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How did “not worth a tinker’s damn” originate?

April 1, 2017 | Author: | Posted in Language

There is a difference of opinion as to whether the last word in this phrase was originally dam or damn. A tinker’s dam, according to Web­ster’s International dictionary, is a wall of soft mud, clay, dough or the like, raised around a spot that a plumber wishes to cover with solder. The material of the …

What distinguishes a blond from a brunet?

March 2, 2017 | Author: | Posted in Human Physiology

Blond and brunet are relative terms. It is impossible to draw a sharp distinction between them. Many persons have both blond and brunet characteristics. Generally in such a classification the complexion of the skin and the color of the hair and the eyes are taken into consideration. A blond is a person with light or …

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How do shears and scissors differ?

February 21, 2017 | Author: | Posted in General Knowledge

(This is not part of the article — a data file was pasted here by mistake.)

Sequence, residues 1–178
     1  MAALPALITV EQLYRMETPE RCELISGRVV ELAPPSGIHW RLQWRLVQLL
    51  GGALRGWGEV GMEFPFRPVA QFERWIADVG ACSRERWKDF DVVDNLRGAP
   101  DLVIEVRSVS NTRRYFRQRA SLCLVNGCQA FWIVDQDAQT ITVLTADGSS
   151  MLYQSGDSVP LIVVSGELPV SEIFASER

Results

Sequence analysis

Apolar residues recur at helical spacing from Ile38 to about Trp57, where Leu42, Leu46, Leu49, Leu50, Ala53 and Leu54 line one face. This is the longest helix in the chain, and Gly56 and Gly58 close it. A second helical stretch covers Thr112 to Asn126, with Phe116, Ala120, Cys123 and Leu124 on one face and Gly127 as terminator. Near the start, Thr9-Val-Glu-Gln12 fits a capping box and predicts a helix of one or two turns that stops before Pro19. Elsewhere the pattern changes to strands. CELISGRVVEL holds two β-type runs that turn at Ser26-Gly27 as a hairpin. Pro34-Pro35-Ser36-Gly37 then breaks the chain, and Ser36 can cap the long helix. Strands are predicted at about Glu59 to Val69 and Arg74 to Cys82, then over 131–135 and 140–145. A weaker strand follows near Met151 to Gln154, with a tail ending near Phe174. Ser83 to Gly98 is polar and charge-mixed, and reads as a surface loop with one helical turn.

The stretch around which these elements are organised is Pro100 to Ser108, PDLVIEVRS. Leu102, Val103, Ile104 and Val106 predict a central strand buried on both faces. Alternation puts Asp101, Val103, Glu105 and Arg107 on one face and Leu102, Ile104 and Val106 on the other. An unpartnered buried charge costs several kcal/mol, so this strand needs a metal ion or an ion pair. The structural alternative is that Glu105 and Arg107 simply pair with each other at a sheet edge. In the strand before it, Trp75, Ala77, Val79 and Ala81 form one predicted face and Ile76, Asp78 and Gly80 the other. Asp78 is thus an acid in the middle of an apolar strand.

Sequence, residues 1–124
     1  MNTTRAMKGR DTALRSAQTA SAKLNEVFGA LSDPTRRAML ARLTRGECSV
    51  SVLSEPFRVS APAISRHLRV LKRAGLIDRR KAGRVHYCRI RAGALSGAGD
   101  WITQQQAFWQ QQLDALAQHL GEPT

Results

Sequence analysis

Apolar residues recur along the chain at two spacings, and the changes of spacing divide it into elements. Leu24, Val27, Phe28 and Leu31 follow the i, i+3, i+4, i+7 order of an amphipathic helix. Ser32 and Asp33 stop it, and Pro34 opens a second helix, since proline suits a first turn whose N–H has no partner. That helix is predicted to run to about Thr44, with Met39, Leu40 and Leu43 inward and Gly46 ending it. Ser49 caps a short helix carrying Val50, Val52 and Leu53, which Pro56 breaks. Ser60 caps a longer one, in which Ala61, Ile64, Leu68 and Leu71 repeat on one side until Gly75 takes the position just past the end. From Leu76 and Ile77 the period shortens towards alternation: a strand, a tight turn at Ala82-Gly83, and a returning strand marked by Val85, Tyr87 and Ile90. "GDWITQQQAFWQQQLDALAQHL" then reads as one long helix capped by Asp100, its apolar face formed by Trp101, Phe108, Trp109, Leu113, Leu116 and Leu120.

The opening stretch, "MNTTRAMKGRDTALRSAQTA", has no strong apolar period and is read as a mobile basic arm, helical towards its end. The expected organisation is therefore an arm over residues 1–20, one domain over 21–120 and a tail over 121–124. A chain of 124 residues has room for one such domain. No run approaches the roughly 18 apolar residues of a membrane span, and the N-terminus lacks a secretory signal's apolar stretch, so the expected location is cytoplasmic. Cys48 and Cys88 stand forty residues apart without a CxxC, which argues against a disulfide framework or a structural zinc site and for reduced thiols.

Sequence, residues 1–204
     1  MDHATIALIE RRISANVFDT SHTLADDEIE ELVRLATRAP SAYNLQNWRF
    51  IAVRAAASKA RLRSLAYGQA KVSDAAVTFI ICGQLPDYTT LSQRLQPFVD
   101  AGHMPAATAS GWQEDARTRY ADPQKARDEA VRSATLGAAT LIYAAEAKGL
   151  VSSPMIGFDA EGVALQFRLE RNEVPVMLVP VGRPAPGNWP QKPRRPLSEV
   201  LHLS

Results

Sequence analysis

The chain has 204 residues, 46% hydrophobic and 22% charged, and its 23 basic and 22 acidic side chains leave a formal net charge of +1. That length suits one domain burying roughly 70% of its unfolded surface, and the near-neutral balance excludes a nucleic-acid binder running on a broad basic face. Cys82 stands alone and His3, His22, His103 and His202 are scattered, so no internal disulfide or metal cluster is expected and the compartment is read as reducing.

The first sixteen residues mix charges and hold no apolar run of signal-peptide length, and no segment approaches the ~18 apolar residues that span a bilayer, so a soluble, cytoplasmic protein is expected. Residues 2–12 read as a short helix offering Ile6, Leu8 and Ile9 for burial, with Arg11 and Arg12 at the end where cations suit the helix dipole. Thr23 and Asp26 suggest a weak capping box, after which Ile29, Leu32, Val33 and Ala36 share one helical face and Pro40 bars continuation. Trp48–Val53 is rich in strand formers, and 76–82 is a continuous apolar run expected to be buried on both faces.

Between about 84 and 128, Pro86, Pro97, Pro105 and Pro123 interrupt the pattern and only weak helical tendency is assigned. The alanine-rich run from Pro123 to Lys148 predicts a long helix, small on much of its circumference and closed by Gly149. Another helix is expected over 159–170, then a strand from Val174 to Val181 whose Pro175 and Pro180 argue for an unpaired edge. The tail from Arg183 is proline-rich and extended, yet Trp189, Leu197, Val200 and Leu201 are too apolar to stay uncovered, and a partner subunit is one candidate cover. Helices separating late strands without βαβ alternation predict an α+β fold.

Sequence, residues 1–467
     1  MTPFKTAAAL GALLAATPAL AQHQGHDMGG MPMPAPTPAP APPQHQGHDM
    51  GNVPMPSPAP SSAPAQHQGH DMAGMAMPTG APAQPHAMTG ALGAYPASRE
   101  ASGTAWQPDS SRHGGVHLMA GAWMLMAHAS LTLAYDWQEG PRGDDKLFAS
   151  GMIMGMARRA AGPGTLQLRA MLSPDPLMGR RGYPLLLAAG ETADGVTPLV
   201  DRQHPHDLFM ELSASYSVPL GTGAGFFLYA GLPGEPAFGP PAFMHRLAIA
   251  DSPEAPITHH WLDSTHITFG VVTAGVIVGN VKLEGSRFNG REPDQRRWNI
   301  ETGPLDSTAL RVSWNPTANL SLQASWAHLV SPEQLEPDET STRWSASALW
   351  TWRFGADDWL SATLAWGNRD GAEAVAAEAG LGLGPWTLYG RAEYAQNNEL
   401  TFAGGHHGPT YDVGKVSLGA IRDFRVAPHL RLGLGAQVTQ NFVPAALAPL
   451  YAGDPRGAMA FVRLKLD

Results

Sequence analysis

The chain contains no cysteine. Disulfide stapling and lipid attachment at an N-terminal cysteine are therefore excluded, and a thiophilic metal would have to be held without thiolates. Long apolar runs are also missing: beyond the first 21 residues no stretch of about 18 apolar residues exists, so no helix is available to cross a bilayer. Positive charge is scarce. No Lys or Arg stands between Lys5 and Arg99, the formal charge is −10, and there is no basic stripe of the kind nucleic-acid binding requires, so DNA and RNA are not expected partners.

In the United States shears and scissors are often used interchangeably. As a rule, however, shears is employed when the implement is large and scissors when it is small. All such instruments having a total length of six inches or less are called scissors in the hardware trade; those exceeding six inches in length are …

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Which is correct, “these” or “this” molasses?

February 20, 2017 | Author: | Posted in Language

Molasses is derived through Spanish from Latin mellaceus, “honey-like.” Since the singular and plural forms are spelled the same, the word is often construed as a plural when it should be construed as a singular. Molasses are, these molasses and those molasses are common expressions, especially in the South and West. They are incorrect except …

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What is the plural of “ski”?

February 6, 2017 | Author: | Posted in Language

The plural of ski is either ski or skis. Frequently the plural is erroneously written skiis, owing no doubt to the fact that the double i occurs in skiing, the present participial form. Ski, also spelled skee in English, is of Scandinavian origin. Americans almost universally pronounce the word skee, but the British generally follow …

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